The messages are received via RF signals by a receiver portion 13 d of the data collector 13. The data collector 13 is a DOS-programmable PC-based system that is designed to operate unattended in the area of operation. The data collector 13 has a CPU, a memory and other electronics equivalent to a personal computer (PC). It also has a port for connection of a local user interface computer (not shown) and a port for connection to a modem 13 d and the telephone line 15.

FIG. 3 shows a snapshot of data stored in the data collector as can be displayed on a screen of a DOS-operating-system computer plugged into a communication port on the data collector 13. In the data collector 13, data is identified by the transmitter, TxID, from which it was received, and the repeater, Rp, from which it was received. The other data is defined in the following table of definitions:

TABLE 1
COLLECTOR DATA DEFINITIONS
Term Definition
AMR Meter identification number.
Reading Current meter reading.
T Pulse resolution.
Counter Current pulse count.
LT Status information concerning leakage or
tampering.
TxID Transmitter identification.
N Number of meters connected to transmitter.
RxCNT Reception count.
TxCNT Transmission count.
Rp-> Repeater assignment received by collector.
Rp<- Repeater assignment acknowledge by repeater.
Date Time Date and time stamp of last transmission.

At the bottom of the screen are function keys, F2-F9, which together with the conventional cursor keys can be used to navigate to any particular data item and edit that item.

This capability allows the transmitter numbers to be initialized or preset in the collector 13 to recognize messages from the transmitters with those ID numbers. The data collector 13 also receives condition status data about the transmitter 12 a-12 d and maintains certain condition status data regarding the data collector 13 itself.

A database of metering data is stored on the control center computer, which may be a non-portable computer 16 or a laptop computer 17 as seen in FIG. 1. This computer 16 or 17 runs application programs or routines including: 1) a database management system; 2) a file exporting utility application for exporting files of data from the database; and 3) an application by which a user can view a time-stamped snapshot of metering data in the control center computer and in the data collector 13. The database is provided with the capability of importing files data to be uploaded from the collector 13, and exporting files of data to be downloaded to the collector 13 and eventually to the repeaters 14 a, 14 b.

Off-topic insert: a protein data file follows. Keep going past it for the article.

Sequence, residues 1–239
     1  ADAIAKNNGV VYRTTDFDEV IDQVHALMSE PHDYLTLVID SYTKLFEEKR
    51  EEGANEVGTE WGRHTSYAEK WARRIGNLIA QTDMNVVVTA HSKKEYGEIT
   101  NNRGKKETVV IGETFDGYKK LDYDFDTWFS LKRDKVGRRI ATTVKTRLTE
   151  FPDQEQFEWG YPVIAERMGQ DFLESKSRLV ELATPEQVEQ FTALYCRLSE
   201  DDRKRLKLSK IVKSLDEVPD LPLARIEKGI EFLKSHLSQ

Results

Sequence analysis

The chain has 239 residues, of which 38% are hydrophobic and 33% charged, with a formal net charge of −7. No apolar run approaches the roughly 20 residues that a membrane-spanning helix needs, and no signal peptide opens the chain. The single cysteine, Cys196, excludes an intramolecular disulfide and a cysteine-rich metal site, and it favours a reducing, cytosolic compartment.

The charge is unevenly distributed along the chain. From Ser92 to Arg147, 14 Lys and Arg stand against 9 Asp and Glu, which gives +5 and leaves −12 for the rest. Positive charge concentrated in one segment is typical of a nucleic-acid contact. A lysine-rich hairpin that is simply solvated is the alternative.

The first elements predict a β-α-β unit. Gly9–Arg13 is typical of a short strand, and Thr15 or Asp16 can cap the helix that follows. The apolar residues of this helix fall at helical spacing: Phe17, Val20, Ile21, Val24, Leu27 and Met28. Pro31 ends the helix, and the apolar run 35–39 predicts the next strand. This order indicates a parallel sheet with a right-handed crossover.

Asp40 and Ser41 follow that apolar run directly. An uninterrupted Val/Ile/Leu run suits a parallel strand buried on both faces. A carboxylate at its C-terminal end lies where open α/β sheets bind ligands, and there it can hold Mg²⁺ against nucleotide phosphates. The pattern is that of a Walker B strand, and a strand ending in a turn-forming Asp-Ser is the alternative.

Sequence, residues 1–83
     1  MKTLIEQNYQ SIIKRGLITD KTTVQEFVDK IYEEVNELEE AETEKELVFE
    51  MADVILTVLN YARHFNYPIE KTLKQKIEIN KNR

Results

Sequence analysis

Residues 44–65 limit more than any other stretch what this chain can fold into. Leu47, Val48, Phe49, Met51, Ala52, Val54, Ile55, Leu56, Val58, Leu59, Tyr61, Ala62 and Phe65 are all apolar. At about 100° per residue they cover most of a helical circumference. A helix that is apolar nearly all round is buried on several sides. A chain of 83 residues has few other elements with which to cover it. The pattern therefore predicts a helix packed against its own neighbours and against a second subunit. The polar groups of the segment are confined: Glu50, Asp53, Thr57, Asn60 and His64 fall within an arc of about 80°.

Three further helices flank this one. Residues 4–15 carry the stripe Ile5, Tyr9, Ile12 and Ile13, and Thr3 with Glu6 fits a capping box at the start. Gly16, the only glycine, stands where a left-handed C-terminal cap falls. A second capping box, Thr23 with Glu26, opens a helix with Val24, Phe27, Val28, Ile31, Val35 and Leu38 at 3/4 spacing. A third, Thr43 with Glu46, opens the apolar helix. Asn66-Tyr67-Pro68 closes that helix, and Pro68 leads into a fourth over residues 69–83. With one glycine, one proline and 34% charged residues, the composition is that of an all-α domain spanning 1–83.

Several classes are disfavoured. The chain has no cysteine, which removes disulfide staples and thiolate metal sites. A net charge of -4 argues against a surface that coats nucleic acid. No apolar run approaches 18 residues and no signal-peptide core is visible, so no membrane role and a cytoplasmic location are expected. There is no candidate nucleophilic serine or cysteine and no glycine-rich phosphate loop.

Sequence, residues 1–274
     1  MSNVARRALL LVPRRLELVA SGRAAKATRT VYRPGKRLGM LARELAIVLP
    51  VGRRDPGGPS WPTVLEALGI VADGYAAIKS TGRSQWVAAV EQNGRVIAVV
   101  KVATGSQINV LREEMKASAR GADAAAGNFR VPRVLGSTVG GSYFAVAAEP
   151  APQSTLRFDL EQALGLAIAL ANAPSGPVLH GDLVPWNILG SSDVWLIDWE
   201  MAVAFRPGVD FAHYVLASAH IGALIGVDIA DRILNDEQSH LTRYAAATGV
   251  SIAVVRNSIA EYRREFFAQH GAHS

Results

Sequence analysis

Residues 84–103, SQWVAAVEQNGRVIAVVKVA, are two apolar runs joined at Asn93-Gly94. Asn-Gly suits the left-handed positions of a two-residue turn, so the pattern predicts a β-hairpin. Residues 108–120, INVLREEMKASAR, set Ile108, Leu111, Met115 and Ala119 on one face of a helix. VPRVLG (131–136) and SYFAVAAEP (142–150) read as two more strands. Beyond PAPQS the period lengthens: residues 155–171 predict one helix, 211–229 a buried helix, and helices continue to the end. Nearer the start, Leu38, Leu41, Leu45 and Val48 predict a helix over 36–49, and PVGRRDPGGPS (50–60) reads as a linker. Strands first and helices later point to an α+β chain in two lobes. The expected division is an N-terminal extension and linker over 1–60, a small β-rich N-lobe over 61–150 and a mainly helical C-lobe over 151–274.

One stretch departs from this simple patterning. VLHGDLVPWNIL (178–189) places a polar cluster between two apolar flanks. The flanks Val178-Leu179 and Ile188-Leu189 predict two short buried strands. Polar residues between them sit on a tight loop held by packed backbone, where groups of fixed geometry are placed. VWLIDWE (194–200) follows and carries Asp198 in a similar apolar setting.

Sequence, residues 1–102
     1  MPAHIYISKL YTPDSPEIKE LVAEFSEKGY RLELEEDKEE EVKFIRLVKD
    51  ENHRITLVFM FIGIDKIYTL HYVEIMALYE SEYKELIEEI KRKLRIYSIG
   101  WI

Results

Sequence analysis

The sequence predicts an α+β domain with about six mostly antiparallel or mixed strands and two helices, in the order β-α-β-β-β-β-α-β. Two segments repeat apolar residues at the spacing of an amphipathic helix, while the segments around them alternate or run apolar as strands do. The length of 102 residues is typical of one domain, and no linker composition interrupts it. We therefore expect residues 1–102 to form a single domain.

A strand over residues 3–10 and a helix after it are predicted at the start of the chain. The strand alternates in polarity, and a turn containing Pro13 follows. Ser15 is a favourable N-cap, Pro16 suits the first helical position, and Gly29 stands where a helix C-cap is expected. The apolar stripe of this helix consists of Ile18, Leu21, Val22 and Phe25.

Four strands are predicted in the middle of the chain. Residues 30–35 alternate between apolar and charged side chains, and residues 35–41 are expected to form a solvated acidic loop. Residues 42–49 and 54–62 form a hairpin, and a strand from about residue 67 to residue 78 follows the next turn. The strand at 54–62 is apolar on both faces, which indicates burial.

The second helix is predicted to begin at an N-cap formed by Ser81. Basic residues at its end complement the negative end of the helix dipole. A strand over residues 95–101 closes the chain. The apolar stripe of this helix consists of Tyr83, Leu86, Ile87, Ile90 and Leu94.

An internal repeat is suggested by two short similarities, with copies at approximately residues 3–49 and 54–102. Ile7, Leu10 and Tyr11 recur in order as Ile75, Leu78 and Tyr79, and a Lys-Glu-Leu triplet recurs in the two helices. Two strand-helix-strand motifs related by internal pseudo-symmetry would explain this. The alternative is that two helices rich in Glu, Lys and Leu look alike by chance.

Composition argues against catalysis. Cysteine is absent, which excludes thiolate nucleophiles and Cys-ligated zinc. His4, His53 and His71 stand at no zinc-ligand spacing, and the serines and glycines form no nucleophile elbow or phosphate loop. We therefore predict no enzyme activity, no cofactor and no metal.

The control center computer 16 or 17 obtains data from the data collector 13 by dialing up the data collector 13 over the telephone network 15 and executing file transfers using a serial data, RS-232 protocol. In alternate embodiments, files can be uploaded and downloaded through the Internet.

Prior to running a system management program in the utility center computer 16 or 17, a number of transmitters 12 and repeaters 14 are placed in the field. The number of repeaters 14 is typically a small number compared to the number of transmitters 12.

FIG. 2 illustrates how, for example, ninety-nine transmitters 12, further identified as XMTR 1-XMTR 99, can be distributed in a first portion of a service area, AREA 1, and one hundred transmitters 12, further identified as XMTR 100-XMTR 199, can be distributed in a second portion of a service area, AREA 2. Some of the transmitters 12, XMTR 1-XMTR 99, will transmit messages that are received by both the first repeater 14 a, further identified as REPEATER 1, and the second repeater 14 b, further identified as REPEATER 2. The number of one hundred transmitters per area is only exemplary; the repeaters can serve larger numbers of transmitters. It is also possible for transmitters, such as transmitter 12 e to transmit directly to a data collector 13, when the transmitters are within suitable range. There can be additional service areas or portions of service areas served by repeaters in the system up to “N”, where typically “N” is a number less than ten. When that many repeaters are in included in the system, an additional data collector should be considered.